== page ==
It Takes A Village To Raise Children. Here’s How To Build Yours.

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Family gathering over dinner with friends because it takes a village

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Parenting is one of if not the hardest jobs a person will ever do. There’s no clocking out at 5 pm. There’s no leaving your work at the office. You are always on call and every single personal need or desire must take second place after your children’s needs. If you have a family, you know this all too well. But are you asking for help? Nobody can be expected to do it all on their own – especially parents. And according to Zero to Three, nearly half of parents don’t feel they have the support they need. However, Black mothers might be most at risk for not asking for help. If you feel pressure to be strong for everyone else – which is something MADAMENOIRE has explained leads to depression – then you might not feel comfortable admitting when you could use some support.

Know this: if you see a parent for whom it all seems to come easily, they have a support system. The reason they aren’t pulling their hair out is that they have people they lean on when they’re at their wit’s end. It takes a village to raise children. There’s nothing shameful about it: it’s beautiful. So if you’re struggling, here’s how to start building your village.

 

Create a Co-Worker Support Group

Shot of a young woman using a laptop and smartphone while caring for her adorable baby girl at home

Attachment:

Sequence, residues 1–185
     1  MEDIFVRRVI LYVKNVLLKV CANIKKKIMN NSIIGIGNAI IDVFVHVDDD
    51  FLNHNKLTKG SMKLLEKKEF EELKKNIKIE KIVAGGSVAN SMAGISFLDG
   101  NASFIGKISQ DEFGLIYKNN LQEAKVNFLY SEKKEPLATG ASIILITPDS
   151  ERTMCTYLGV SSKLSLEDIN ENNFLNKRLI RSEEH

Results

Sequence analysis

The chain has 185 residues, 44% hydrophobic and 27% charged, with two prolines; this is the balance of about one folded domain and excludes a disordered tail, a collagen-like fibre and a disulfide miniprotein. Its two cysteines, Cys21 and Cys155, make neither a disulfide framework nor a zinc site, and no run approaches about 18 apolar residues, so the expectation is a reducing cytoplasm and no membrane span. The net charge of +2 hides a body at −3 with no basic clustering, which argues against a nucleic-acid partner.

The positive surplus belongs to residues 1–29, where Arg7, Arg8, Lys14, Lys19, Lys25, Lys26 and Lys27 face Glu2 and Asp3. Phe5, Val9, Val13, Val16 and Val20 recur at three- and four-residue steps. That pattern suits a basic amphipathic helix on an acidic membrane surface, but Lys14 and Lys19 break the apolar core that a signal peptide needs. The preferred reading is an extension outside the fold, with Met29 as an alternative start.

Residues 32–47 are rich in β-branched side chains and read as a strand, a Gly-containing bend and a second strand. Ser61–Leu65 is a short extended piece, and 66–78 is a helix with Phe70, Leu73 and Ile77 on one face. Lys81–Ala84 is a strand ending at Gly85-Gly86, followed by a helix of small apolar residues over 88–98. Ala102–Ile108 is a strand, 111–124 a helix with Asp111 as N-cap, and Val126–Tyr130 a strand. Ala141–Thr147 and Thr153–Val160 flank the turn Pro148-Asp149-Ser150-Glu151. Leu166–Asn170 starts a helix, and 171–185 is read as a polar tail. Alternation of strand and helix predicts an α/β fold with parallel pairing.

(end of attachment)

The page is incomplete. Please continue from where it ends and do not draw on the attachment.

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Find other parents in your workplace and create a network. It’s important to connect with others who understand exactly what you’re going through. And your co-workers who work at the same company as you who also have kids can relate to your experiences. Maybe you feel that your company could implement more policies to support working parents, like childcare stipends or more work-from-home days. This network can approach the higher-ups together as a united front.

 

Get On A Care Exchange

Aunt and niece eating in the kitchen

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Childcare gets expensive. But, sometimes, you need a night to yourself, or you need a date night with your partner. Maybe a work emergency comes up and you have to go into the office when you have no babysitter. Create a network of other parents who regularly need childcare but perhaps can’t afford full-time help. You can have each other’s backs, taking one another’s kids when emergencies come up or when someone just needs one night to unwind.

 

Let Family Help

Mother and kids enjoying time together while relaxing sitting on a bench outdoors in a park.

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If you have family who live in the area, let them help – especially if they have already offered. Sometimes, there can be concerns about other family members parenting your kids or pushing their beliefs onto them. But, so long as you set up clear boundaries and keep the lines of communication open, family can be a great support system.